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Daniel 2:49

49. Then Daniel requested of the king, and he set Shadrach, Meshach, and Abednego, over the affairs of the province of Babylon: but Daniel sat in the gate of the king.

49. Et Daniel petiit a rege; et constituit super opus 167167     Or, administration. — Calvin. provinciae Babylonis Sidrach, Mesach, et Abed-nego: Daniel antem erat in porta regis.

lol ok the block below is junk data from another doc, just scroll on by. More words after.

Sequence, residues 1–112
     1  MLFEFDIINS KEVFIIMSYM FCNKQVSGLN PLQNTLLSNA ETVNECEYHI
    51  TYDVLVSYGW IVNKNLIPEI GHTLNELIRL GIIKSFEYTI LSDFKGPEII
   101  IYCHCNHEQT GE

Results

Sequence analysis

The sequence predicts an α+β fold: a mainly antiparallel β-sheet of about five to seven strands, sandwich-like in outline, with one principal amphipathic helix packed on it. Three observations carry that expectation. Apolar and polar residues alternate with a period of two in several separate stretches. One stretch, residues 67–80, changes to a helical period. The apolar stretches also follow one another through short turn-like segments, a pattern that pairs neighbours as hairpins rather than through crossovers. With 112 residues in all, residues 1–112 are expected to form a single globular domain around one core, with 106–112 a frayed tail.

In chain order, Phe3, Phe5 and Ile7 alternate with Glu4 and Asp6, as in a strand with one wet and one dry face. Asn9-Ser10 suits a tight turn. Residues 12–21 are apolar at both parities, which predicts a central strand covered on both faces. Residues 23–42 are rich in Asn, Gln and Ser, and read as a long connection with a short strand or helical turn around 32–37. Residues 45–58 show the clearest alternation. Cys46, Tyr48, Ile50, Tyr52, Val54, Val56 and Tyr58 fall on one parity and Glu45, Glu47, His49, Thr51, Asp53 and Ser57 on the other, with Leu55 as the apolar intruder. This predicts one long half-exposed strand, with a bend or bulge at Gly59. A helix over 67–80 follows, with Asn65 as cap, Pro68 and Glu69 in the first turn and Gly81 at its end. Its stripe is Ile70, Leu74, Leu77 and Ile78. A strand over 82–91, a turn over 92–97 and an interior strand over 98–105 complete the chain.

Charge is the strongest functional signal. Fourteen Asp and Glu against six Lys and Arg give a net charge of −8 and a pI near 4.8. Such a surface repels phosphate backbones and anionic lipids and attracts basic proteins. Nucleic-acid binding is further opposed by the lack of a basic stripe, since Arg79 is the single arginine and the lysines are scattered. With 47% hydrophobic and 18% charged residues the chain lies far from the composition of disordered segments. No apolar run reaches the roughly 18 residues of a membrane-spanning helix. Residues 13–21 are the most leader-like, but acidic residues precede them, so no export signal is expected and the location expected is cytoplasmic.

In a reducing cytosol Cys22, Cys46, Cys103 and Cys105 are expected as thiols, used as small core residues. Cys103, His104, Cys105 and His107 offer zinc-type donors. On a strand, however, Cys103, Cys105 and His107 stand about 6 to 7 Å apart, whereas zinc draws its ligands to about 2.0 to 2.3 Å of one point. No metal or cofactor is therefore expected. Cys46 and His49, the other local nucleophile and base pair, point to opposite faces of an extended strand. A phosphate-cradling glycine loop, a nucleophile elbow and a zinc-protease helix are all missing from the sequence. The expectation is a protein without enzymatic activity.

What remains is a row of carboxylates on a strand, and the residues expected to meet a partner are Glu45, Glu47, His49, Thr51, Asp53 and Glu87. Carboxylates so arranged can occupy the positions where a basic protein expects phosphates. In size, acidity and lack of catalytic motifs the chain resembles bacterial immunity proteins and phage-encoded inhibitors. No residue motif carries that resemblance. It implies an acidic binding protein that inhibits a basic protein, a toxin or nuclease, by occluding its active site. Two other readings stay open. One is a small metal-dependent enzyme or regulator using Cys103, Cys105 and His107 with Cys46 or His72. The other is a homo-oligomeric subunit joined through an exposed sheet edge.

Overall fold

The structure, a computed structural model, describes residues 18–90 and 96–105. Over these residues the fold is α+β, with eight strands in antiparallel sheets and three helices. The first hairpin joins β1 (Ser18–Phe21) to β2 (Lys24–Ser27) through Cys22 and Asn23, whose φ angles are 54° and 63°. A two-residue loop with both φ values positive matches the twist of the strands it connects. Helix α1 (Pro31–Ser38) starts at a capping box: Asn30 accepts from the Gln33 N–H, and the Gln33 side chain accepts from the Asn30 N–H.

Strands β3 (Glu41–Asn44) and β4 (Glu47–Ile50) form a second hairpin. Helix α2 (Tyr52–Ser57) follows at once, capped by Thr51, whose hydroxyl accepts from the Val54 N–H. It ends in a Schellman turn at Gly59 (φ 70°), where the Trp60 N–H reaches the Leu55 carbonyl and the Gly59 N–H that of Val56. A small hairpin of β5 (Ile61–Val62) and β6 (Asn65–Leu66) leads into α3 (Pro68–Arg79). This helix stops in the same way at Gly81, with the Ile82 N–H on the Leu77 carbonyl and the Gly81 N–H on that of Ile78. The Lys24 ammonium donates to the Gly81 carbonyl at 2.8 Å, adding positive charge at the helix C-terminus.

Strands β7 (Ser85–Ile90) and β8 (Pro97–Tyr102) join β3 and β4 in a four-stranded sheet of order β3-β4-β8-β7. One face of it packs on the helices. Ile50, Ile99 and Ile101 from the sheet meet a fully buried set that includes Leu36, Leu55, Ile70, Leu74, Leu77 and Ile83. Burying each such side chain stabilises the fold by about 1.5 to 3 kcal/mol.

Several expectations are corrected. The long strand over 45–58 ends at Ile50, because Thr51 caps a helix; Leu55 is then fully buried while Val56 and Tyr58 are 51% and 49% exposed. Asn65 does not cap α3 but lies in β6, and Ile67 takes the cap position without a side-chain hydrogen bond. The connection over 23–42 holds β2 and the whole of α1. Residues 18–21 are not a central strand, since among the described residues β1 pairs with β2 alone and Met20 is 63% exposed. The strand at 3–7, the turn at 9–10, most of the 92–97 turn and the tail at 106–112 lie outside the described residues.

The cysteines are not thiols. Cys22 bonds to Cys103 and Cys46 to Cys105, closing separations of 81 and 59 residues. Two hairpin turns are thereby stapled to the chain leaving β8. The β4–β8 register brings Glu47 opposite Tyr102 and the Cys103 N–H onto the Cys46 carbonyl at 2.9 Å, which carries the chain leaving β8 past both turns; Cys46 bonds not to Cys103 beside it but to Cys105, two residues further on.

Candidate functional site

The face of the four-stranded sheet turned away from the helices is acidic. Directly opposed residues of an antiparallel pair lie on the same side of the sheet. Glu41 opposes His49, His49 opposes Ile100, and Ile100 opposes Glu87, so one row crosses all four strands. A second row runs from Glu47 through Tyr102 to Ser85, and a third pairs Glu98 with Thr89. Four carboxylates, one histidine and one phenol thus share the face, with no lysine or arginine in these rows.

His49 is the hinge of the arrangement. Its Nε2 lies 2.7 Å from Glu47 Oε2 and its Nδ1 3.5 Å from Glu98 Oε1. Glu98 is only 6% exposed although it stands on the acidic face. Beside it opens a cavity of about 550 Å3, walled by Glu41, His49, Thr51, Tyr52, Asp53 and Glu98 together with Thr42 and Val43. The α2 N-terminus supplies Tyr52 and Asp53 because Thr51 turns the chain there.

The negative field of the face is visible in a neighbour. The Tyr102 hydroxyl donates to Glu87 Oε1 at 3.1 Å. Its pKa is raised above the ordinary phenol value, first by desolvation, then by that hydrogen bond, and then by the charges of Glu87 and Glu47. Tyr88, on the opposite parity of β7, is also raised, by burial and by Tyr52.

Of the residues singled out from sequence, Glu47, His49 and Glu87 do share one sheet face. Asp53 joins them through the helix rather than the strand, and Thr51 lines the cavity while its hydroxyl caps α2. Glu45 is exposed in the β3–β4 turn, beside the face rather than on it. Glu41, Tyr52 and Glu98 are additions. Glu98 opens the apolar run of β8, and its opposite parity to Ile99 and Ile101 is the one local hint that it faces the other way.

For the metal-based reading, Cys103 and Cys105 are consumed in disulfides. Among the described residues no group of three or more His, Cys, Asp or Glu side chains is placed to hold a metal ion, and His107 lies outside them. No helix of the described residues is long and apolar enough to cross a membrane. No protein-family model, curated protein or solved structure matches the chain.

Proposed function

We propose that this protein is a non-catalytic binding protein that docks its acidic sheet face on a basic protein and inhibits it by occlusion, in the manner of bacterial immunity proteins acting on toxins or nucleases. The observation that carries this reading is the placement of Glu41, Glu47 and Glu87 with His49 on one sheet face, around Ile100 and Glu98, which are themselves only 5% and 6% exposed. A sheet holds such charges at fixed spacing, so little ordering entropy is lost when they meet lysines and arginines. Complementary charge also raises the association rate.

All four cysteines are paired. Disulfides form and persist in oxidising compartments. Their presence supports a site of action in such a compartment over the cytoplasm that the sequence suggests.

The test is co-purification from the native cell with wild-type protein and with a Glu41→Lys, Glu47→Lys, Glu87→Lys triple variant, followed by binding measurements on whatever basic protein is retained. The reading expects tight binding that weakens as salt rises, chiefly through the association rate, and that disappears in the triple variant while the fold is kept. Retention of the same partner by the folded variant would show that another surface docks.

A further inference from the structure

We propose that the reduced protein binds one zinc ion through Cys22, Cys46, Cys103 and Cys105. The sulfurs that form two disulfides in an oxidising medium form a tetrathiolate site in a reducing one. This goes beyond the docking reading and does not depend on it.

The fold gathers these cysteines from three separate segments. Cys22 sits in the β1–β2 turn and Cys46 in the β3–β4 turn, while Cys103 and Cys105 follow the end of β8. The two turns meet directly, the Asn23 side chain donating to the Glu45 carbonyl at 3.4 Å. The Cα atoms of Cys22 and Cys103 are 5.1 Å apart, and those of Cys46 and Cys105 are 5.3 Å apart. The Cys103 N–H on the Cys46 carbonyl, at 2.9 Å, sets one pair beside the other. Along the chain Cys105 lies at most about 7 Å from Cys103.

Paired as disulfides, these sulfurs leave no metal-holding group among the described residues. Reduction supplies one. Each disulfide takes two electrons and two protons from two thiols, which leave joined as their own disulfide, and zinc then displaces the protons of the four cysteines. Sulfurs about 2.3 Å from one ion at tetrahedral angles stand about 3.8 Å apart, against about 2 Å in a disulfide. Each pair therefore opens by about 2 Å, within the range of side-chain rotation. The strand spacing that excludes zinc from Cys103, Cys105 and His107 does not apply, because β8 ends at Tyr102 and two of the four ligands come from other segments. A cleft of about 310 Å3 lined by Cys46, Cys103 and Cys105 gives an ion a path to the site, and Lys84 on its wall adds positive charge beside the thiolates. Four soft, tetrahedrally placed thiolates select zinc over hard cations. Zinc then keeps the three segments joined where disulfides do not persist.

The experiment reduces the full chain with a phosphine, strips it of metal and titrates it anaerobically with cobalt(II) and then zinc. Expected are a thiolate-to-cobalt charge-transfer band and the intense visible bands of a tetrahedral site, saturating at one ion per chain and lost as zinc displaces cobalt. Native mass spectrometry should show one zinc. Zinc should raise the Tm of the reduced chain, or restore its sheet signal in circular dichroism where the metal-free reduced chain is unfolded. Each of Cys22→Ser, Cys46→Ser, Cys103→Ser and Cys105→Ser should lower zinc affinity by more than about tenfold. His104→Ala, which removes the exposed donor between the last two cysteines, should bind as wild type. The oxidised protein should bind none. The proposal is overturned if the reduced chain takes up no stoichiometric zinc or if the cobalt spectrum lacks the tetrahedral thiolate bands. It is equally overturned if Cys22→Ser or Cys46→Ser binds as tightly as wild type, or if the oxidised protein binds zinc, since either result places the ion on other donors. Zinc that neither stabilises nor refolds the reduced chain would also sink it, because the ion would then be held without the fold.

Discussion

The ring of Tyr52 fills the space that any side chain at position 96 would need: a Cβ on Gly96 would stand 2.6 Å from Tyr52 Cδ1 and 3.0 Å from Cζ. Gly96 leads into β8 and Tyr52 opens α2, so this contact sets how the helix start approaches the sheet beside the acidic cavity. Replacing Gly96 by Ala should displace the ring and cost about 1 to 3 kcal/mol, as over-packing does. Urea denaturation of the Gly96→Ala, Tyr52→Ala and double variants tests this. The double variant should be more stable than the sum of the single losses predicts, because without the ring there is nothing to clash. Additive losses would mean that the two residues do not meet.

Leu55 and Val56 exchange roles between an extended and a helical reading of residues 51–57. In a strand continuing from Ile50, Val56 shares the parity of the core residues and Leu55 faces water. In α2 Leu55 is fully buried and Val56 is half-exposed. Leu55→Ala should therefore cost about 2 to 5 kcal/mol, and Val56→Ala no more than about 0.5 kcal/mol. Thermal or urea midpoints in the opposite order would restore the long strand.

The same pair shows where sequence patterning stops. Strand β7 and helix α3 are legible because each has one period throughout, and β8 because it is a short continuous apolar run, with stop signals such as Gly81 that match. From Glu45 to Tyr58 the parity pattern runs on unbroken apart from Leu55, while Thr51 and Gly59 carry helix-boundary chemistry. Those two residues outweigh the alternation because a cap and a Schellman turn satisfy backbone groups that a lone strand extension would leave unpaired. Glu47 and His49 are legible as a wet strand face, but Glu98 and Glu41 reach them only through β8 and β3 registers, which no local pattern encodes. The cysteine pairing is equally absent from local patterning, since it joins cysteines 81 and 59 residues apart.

Some ambition may be noticed here in the Prophet, since he procures honors for his own companions. For when the king spontaneously offers him a command, he is obliged to accept it; he need not offend the mind of the proud king. There was a necessity for this, because he himself seeks from the king prefectships for others. What shall we say was the origin of this conduct? As I have already hinted, Daniel may be here suspected of ambition, for it might be charged against him as a crime that he made a gain of the doctrine which he had been divinely taught. But, he rather regarded his people, and wished to bring some comfort to them when oppressed. For the Chaldeans treated their slaves tyrannically, and we are aware how the Jews were utterly hated by the whole world. When therefore Daniel, through the feeling of pity, seeks some consolation from the people of God, there is no reason for accusing him of any fault, because he was not drawn aside by private advantage, and did not desire honors for either himself or his companions; but he was intent on that object to enable his companions to succor the Jews in their troubles. Hence the authority which he obtains for them has no other object than to cause the Jews to be treated a little more humanely, as their condition would not be so harsh and bitter while they have prefects of their own people who should study to treat them as brethren. We now see how Daniel may be rightly acquitted of this charge without any difficulty or argument; for the matter itself is sufficiently clear, and we may readily collect that Daniel was both pious and humane, and free from all charge of sin. From the words — was in the king’s gate, we ought not to understand his being a gate-keeper. Some suppose this phrase to be used, because they were accustomed to exercise justice there; but they transfer to the Chaldeans what Scripture teaches us of the Jews. I take it more simply. Daniel was chief over the king’s court, since he held the supreme command there; and that sense is more genuine. Besides, we are fully aware of the custom of the Chaldeans and Assyrians to make the approach to the king difficult. Daniel is therefore said to be at the gate, to prevent any entrance into the king’s palace, unless by his permission. It now follows, —


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